On Tuesday 3 October, the Board of Directors of the African Development Bank Group, meeting in Abidjan, approved a grant of $6.72 million to The Gambia to support implementation of the first phase of the Public Financial Management and Economic Reform Programme.
The Bank's financial support comes under Pillar 1 of the Transition Support Facility, which is intended for states affected by situations of fragility or conflict.
The programme's goal is to improve governance and fiscal resilience in The Gambia, by supporting public financial management reforms and strengthening social protection systems to reduce the poverty that affects vulnerable populations.
The programme will support reforms on through participatory budgeting, including climate budget earmarking, transparent procurement, effective financial reporting and improved external auditing and parliamentary oversight of budget management.
The program also focuses on the mobilization of domestic resources and on debt management. The programme provides for strengthening prudent and transparent debt management and accelerating domestic resource mobilization with a focus on consolidating progress in revenue administration.
The program will also strengthen governance, especially the legal and regulatory frameworks of the of the government nascent social protection system. The objective is to support the establishment of an inclusive and well-targeted system, while at the same time developing a framework for extending social protection coverage.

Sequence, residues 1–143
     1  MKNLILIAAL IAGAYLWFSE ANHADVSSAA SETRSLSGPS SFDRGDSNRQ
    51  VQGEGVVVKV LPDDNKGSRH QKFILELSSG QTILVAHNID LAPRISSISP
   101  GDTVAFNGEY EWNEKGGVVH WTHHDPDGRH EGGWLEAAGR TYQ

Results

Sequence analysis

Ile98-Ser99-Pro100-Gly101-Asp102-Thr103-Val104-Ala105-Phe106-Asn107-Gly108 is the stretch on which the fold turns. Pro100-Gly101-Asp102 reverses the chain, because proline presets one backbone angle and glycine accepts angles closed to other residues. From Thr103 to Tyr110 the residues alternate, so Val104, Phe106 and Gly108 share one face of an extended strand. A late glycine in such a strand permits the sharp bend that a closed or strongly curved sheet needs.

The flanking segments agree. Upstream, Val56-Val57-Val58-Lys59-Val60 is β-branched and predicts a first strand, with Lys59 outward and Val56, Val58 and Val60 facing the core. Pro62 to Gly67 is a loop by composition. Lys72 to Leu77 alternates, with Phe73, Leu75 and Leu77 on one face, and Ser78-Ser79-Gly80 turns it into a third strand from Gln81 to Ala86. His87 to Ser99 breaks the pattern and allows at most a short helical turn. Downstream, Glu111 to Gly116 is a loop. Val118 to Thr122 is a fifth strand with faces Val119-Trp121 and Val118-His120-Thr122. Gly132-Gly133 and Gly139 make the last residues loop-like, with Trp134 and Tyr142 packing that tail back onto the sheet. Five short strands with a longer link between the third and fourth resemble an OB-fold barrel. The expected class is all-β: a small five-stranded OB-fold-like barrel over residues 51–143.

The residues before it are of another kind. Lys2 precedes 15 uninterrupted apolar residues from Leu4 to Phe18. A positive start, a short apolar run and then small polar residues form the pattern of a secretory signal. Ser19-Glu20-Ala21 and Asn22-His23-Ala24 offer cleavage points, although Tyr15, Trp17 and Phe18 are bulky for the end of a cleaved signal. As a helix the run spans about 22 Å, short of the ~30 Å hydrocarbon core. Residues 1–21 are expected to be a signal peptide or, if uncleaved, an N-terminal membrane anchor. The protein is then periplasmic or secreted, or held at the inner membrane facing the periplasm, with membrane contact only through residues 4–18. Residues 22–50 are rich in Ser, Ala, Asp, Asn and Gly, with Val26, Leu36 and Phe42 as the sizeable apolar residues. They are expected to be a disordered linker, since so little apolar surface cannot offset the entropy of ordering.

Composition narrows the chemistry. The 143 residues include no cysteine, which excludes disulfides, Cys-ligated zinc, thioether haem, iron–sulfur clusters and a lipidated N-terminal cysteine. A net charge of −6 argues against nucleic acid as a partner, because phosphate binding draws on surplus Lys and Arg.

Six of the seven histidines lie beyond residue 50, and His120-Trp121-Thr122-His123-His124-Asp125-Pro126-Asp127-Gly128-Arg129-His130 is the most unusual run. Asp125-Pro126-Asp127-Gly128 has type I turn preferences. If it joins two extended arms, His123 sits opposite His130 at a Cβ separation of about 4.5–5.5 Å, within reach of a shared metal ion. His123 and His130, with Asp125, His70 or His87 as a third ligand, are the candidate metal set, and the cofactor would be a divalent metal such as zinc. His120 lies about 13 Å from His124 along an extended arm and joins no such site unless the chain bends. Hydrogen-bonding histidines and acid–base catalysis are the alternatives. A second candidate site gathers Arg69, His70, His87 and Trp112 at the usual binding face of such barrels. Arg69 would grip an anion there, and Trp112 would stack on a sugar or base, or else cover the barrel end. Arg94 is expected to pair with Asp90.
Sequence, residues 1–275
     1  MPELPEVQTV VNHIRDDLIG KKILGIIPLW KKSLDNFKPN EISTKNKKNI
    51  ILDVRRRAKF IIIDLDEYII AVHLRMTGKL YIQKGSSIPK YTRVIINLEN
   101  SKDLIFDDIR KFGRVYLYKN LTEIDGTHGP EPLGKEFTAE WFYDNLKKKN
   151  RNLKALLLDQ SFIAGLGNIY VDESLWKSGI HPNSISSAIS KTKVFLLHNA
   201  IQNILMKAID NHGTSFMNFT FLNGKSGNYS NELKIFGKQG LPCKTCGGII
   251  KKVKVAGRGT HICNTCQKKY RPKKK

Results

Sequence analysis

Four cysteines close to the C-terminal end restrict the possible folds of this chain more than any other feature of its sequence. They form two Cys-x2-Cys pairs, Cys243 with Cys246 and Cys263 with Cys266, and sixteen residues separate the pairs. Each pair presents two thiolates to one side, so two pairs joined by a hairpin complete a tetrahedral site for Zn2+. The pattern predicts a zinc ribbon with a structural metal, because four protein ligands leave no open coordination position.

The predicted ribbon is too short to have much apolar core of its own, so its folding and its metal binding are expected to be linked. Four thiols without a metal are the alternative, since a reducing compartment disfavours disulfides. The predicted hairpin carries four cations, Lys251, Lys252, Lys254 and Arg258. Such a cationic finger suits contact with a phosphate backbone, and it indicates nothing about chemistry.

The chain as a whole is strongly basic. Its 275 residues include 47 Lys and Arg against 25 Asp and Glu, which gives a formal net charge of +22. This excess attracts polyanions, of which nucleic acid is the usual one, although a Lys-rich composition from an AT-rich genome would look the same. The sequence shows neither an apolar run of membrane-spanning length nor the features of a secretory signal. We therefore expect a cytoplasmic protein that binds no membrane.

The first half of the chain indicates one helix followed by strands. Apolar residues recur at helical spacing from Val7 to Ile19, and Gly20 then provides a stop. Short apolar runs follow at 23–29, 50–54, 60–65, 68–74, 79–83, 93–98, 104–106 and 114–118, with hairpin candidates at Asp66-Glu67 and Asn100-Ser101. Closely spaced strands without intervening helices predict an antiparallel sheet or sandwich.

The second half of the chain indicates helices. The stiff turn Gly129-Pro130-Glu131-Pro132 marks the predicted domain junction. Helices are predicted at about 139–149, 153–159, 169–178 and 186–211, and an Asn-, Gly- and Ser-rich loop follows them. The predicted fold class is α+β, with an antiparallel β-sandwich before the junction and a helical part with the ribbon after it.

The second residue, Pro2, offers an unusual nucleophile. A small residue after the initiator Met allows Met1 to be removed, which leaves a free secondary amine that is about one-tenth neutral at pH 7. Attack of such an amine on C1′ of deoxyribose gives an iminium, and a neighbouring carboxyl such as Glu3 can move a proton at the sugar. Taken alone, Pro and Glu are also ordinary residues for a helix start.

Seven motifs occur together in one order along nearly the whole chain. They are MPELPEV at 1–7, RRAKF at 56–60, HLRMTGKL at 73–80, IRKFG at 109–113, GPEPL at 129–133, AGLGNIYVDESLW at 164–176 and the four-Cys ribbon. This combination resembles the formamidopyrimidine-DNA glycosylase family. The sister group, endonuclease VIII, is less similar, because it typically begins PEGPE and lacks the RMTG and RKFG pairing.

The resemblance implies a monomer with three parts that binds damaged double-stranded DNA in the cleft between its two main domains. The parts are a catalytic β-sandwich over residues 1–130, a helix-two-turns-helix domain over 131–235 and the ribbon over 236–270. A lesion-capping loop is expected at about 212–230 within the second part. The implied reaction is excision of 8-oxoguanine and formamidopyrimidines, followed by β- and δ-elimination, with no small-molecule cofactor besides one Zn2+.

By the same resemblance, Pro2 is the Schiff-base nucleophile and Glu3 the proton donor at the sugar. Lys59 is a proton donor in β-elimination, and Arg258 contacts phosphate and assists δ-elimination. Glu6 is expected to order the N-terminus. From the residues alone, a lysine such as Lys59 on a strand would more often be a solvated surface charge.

These reforms will improve the mobilization of revenues linked to essential fiscal sources, including customs revenues (expected to increase by 11%) over the life of the programme. The poverty rate is expected to decline from 53% to 48%.
As of 30 June 2023, the African Development Bank Group's active portfolio in The Gambia comprised 13 projects with a total value of $200.83 million. The transport sector accounted for 60.3% of the portfolio, followed by agriculture (16.7%), energy (11%), water and sanitation (9%) and governance (3%).
Source: African Development Bank